Due to a ruptured pancreas, David Brown found himself on life support for three weeks, unable to move for himself. David, however, was completely conscious of all events transpiring around him. In his words, “for three weeks, overhearing many sharp conversations about end-of-life care discussed over me. I remember thinking, how strange it was to watch myself die.”
As nurses, physicians and caregivers, you have immense power in the lives of others who may seem to have no power in yours.
I’ve known many who become numb to the patient experience because frankly, it’s easier. Empathy in the health field can seem like an exhausting virtue to practice.
David Brown continues, “In those three weeks I lost fifty pounds, and every time I was moved to be cleaned or have my sheets changed, it felt like my hips and shoulders were coming out of their sockets.” Unable to communicate his pain he was left to the mercy of the medical staff.
Empathy is defined as the ability to share and understand the feelings of others. Now that sounds all well and good, but many of you can’t have perfect empathy because you haven’t been in their shoes. In fact, as a physician or nurse, it is impossible to have perfect empathy with all your patients. You don’t share the majority of the ailments they suffer from, and most likely, you never will.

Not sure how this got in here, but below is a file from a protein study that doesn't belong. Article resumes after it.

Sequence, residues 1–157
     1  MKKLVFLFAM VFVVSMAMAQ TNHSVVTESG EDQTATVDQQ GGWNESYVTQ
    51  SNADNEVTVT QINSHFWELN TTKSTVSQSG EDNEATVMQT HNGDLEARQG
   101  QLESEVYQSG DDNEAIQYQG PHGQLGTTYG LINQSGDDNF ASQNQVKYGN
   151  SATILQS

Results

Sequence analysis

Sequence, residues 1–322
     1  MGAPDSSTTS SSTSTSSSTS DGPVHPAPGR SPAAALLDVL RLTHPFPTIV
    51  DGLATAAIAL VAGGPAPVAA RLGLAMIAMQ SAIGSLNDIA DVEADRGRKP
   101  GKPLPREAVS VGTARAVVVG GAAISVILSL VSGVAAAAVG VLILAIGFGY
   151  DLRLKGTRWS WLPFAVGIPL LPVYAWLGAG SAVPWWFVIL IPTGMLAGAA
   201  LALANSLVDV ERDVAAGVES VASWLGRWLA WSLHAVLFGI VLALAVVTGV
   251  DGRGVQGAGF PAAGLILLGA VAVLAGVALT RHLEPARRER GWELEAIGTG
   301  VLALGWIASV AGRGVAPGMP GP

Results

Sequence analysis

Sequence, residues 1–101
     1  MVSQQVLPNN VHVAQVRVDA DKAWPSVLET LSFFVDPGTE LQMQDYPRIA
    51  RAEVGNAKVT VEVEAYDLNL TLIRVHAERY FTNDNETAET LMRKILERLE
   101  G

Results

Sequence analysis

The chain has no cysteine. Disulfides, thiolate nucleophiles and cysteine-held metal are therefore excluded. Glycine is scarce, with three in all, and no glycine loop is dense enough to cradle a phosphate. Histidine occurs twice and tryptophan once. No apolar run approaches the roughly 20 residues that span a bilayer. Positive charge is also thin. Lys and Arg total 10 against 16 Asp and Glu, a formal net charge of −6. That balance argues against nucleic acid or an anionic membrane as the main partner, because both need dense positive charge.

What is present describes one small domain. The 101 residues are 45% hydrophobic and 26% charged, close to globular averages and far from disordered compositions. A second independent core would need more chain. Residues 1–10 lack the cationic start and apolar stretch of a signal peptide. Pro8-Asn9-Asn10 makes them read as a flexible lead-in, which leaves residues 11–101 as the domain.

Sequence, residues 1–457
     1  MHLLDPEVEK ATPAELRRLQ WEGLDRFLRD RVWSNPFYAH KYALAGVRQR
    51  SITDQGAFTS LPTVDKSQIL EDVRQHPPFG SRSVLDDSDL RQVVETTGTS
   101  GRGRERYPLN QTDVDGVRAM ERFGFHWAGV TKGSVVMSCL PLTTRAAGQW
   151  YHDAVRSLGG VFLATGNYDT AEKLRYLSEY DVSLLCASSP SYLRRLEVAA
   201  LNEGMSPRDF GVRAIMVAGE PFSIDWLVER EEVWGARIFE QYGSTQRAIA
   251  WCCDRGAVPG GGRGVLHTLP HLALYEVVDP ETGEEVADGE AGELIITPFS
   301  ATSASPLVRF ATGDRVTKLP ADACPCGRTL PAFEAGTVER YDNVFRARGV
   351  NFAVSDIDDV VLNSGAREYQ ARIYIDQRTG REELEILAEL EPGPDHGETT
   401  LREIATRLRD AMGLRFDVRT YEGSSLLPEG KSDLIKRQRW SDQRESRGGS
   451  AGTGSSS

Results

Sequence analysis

So this week I give the challenge to you, that although you maybe can’t always understand their feelings, you can share them. This week, choose one patient a day and put yourself completely in their shoes.
Even if it’s just for five minutes, that may be what makes the difference in their day. That may not seem like a big deal, but when a patient becomes more than just a patient, and is recognized as a father trying to recover in time for his daughter’s wedding, a mother that is too overwhelmed to understand the treatment plan for her cancer, or a parent hearing the word tumor and son in the same sentence, that is why this all matters. Because, for you, as a healthcare provider, people can never become ‘just business.’
And as a leader, people are your practice.